Heidrick & Struggles
Chief Executive Officer & Board of Directors
Competing dynamics of age and youth, wealthier executives and governance issues are causing big headaches for the boards of Australia’s major corporations. While companies are bringing younger executives to their top teams to gain fresh ideas and insights, the markets have been spooked by governance issues and are calling for greater depth of experience. Those very governance issues are also keeping potential candidates at bay.
Commonwealth Bank chairman Dr John Schubert says experience is the name of the game. “On the other hand, bringing relative youth to a board often requires recruiting someone currently serving as CEO. But this can be limiting since, due to time constraints, a current CEO usually can only serve on one board and usually it must be in a different industry.”
“The board member must have earned their stripes. The main requirement is that they must have the respect of senior executives, so they must have reached a certain level of achievement in their careers.”
The new wealth
Complicating this puzzle is the relatively greater wealth of executives. Foreign Investment Review Board chairman John Phillips says that many of today’s business leaders have “a substantial capital base” due to higher salaries and larger incentive payments. “Why would they serve on public boards and risk their assets if they can go into private equity?” he asks.
Phillips explains that executives are financially able to put their own equity in an unlisted company where issues of governance are substantially reduced and then capitalize hugely if the company is successful and moves to a public listing. “These people will take board appointments, but only if they get equity,” he says.
Former Macquarie Bank executive director Belinda Hutchinson agrees. “Frankly, from the standpoint of someone who has been financially successful, board pay is insignificant,” she says. “Non-executive directors also have governance exposure if things go wrong. Their personal assets are on the line. Most of them prefer private equity investments.” On governance, Hutchinson says the pendulum has swung too far. “The regulation and compliance burden has been taken to an extreme level.”
Hutchinson says: “There is a need for better public education about the risk of investing in public companies. It’s not like investing in government bonds. There’s a balance and there’s a risk-reward equation.”
Hutchinson says the idea of a former senior executive serving on a board and putting at risk their personal assets, is not appealing. Nor is there a financial incentive.
“My concern is that individuals’ desire to give something back to the community by serving on boards and their interest in being involved at the board level in strategic and operational issues may be outweighed by these risks.”
Australian Stock Exchange chairman Maurice Newman says there is a contradiction between corporations seeking younger executives and the market seeking wiser heads. “Companies are turning over chief executives faster. It’s an average of four years in Australia, longer in the US but only 1.9 years in the UK. It’s an issue for boards.”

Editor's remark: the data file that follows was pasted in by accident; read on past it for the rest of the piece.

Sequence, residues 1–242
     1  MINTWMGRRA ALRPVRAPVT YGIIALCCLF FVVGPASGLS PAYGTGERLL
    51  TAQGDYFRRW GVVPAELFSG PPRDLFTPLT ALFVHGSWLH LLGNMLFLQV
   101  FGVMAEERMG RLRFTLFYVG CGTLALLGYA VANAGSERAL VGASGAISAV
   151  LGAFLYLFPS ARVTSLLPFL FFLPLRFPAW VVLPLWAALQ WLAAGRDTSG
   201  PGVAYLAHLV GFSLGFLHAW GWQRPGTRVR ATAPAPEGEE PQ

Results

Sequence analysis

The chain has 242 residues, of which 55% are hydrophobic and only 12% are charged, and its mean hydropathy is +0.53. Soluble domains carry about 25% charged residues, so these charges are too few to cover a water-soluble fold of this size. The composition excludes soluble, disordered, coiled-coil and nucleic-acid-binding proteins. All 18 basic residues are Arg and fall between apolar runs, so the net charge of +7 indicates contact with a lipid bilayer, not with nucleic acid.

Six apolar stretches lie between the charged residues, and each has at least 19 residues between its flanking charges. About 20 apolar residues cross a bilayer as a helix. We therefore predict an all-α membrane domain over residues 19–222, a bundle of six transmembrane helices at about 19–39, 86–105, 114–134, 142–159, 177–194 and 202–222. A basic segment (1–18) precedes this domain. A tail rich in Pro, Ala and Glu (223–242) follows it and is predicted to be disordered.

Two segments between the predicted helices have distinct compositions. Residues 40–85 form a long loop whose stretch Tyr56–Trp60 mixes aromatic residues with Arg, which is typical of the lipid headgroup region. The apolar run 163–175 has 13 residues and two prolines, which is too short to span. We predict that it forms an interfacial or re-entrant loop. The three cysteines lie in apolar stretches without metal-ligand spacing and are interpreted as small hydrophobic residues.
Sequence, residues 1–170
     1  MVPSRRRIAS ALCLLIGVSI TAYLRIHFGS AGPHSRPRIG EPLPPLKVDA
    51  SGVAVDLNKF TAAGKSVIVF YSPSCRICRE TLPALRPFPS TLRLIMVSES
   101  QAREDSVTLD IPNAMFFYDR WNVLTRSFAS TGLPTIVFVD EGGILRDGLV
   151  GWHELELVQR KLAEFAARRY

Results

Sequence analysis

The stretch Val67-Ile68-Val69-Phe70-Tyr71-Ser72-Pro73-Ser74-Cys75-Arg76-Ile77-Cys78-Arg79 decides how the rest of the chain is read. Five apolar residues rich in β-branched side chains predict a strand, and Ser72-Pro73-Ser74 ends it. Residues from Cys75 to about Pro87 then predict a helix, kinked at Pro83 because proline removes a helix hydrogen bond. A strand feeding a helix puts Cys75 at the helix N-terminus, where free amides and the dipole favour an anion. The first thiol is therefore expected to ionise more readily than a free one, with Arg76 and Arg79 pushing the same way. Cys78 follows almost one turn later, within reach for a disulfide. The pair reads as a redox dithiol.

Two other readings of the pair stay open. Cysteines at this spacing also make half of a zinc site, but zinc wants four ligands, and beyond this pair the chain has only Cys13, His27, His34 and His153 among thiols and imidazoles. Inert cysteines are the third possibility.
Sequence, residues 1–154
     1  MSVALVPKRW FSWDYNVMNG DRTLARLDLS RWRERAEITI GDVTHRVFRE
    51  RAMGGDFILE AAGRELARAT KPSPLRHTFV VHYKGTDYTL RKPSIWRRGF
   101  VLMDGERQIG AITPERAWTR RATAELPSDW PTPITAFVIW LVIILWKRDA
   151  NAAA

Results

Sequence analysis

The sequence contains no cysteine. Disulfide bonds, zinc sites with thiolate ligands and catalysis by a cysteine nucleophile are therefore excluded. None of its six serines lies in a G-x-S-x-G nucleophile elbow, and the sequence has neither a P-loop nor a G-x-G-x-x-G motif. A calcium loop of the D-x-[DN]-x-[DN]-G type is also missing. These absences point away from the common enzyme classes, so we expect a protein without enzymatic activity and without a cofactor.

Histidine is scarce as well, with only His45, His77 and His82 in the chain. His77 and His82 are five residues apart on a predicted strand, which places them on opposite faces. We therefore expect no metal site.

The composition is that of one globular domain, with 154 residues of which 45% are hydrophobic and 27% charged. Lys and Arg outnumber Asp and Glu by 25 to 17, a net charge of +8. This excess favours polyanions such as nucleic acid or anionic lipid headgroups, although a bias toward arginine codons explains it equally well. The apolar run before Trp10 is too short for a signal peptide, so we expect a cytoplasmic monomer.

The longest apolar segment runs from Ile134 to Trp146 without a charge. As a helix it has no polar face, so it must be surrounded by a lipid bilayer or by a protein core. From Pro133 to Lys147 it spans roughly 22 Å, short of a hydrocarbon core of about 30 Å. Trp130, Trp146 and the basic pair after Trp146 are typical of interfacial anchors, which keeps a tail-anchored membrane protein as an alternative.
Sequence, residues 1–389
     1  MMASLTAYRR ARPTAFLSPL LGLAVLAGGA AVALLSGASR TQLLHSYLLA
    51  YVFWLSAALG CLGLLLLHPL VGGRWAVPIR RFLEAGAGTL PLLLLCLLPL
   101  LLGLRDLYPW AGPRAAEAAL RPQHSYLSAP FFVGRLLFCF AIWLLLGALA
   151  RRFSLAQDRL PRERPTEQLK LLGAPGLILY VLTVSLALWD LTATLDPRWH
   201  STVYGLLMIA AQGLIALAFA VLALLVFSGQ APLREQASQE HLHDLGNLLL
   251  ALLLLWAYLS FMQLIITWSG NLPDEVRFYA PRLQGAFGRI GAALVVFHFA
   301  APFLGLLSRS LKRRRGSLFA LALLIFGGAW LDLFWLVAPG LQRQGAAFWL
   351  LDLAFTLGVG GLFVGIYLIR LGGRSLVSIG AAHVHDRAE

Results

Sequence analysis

Newman says that the “long-term” can mean three years in the current climate. “My view is that we need culture change. Our culture of compensation rewards short-term performance. But we need to develop long-term incentives.” He says the current “age and gender problem” of inexperienced people at board level means that companies are “falling back on proven people” for their boards.
Caltex chairman Dick Warburton says: “You want some grey hairs who’ve been through the mill, so they’re not surprised when things happen,” Warburton says. “They need to have the fire out of their belly – you don’t want someone on the board who feels they should be running the company.”
Warbuton says good directors should understand the financial side of companies and some of the complexities of the legal system. “You don’t have to be a lawyer, but you need to be on top of current legal issues and employ good lawyers. You need to know the questions and traps to ask – how to deal with the brilliant lawyers your company is up against.” Warburton says the issues around new blood for boards are revolving around young people earning bigger packages and a greater range of interests available in corporate life.
“It’s hard to lure young executives onto boards unless they want to drop out of the rat race a bit earlier and look to boards as a career move, perhaps mixed with other interests. “Money is important because you have to have reasonable remuneration. A good board can make a difference. Not many people are on them just for the status. In the past, if you were invited by someone like Westpac to join the board you’d do it for the status and you wouldn’t think much of the money,” Warburton says. “But now people are also looking for income and they may be given equity.”
We believe reputation is important, so the candidate needs to be willing to take risk, deliver on expectations and be motivated to give back to the community.
They need to be collegiate but, as Maurice Newman says, “without being obsequious”. They need to have an interest in expanding their intellectual horizons and to reap the rewards of the camaraderie that exists at the top of Australian corporate life.